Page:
Develop agile platforms. CIOs must build platforms that help their organizations not only overcome future disruptions but come out ahead. Such platforms require a technical architecture that simplifies and decouples components so that it can shift to support new operating models, business models and ecosystem partners. Insurer Guardian, for example, adopted the Scaled Agile Framework and implemented microservices to more quickly adapt to changing business needs. In such organizations, IT becomes a differentiator.

Scan the horizon. Effective leaders scan the horizon for emerging trends, and once they identify what’s coming, CIOs position their IT organization to navigate that change. In 2017, the Miami Heat, for example, became the first NBA franchise to deployed mobile ticketing and commerce to make the fan experience more frictionless in AmericanAirlines Arena.

Anticipate the turns. The best leaders know which direction the company must turn when the time comes. An effective CIO will also coax employees, investors and other stakeholders to follow their lead, preserving alignment created during stable times. Seeking a broader audience for its insurance services, Nationwide CIO Jim Fowler has prioritized an API marketplace that makes it easier for third parties to integrate its products.

Invest smart. CIOs at successful organizations also excel at making sound IT investments. Discover Financial Services launched a framework and center of excellence for scaling RPA technology from finance and HR to other parts of the business, says Kalle Kittelson, Discover’s director of digital payment technology operations, who led the initial RPA efforts. The COE, which dedicates an RPA engineer to each business unit, includes a complete governance model to help manage bots created with software from Blue Prism.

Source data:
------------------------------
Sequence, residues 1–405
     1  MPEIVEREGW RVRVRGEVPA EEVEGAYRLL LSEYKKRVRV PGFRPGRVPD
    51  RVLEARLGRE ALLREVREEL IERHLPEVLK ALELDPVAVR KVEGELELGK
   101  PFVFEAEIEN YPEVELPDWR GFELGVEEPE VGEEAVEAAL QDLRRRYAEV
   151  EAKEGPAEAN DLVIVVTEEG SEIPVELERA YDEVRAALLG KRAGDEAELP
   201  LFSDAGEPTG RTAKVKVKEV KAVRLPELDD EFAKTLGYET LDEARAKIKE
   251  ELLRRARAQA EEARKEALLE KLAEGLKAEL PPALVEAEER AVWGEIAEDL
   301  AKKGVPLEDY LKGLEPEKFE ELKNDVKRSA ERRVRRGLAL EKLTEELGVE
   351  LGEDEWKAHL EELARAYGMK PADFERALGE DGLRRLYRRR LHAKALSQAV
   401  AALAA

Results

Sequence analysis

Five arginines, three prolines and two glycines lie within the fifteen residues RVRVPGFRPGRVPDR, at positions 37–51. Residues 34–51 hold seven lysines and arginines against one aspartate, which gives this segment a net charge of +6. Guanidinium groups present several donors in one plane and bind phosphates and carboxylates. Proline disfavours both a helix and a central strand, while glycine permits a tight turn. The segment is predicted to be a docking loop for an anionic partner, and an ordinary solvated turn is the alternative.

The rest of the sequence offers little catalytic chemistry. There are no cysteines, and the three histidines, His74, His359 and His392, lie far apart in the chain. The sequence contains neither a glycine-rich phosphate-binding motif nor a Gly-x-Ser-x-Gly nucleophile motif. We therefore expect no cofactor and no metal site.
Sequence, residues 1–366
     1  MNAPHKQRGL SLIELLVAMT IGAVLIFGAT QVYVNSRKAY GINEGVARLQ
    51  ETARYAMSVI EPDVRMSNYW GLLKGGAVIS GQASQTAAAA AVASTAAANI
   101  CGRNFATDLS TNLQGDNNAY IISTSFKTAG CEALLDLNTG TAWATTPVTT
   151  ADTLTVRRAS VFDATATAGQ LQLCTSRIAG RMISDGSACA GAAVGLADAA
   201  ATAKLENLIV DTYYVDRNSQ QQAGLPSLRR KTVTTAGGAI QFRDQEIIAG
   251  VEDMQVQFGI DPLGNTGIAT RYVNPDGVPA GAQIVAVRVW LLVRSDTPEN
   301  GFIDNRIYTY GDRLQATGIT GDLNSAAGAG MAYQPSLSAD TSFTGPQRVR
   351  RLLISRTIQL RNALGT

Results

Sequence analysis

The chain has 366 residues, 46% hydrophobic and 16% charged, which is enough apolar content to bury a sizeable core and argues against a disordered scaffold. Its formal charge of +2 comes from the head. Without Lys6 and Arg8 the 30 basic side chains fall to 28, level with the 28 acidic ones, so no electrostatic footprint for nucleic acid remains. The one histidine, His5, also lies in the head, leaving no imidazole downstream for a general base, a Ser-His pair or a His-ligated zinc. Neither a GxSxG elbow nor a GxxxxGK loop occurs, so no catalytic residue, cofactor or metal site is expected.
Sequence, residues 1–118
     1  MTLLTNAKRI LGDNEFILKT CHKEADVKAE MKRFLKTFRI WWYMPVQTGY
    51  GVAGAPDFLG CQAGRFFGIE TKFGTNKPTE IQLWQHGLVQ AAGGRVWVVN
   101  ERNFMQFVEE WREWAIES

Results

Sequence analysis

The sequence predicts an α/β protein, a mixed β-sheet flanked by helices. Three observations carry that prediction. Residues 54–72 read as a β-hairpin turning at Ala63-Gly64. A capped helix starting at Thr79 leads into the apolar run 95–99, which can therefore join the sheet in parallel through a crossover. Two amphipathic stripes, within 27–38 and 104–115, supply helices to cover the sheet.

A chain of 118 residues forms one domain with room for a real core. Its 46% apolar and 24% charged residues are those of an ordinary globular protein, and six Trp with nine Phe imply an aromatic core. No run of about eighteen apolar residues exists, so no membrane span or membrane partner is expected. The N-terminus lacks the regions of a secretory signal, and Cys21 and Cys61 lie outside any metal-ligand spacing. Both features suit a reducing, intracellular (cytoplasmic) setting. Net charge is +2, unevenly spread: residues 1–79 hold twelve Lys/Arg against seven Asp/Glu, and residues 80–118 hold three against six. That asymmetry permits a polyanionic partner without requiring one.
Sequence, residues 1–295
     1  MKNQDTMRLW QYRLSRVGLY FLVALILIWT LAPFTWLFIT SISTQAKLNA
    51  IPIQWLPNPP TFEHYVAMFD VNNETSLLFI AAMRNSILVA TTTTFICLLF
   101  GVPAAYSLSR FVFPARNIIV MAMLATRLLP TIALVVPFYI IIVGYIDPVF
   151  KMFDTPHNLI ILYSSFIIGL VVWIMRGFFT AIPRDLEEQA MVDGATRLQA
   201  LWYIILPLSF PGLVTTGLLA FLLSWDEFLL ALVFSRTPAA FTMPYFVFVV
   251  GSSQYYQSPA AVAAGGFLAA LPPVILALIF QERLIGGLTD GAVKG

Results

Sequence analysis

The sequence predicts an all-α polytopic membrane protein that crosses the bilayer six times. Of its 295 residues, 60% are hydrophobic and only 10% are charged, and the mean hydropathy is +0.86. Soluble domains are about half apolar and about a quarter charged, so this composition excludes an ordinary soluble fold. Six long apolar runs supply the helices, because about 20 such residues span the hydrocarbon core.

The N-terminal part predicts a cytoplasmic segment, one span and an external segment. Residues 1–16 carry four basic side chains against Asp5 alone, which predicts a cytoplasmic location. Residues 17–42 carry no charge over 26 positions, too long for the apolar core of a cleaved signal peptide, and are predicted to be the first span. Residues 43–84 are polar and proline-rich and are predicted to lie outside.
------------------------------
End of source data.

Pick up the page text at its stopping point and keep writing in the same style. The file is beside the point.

Be adaptable. A clear but adaptable strategy is also critical for success in the face of disruption. “Plan for the worst and adapt to the good times” is a common mantra, Rowsell-Jones says. Successful enterprises institute a continuous strategy-setting process that constantly adjusts to changing market conditions.

Too risky not to prepare

Indeed, Rowsell-Jones says that while many companies have “survived and thrived” turns to grow faster, nearly one quarter remain untested because they have optimized their business model for stability. The same stability that may help companies maximize profits can hamper the enterprise’s ability to make changes that a crisis demands.

While Rowsell-Jones does not believe a financial downturn is likely in 2020, he says that the risk is high enough to warrant preparation.

His advice: “Success in 2020 means increasing the preparedness of both the IT organization and the enterprise to withstand impending business disruption by planning for it ahead of time.”

CIOs are well aware of this challenge. “Making sure we keep pace with so much change keeps me up at night,” says Berce, of Johnson Controls.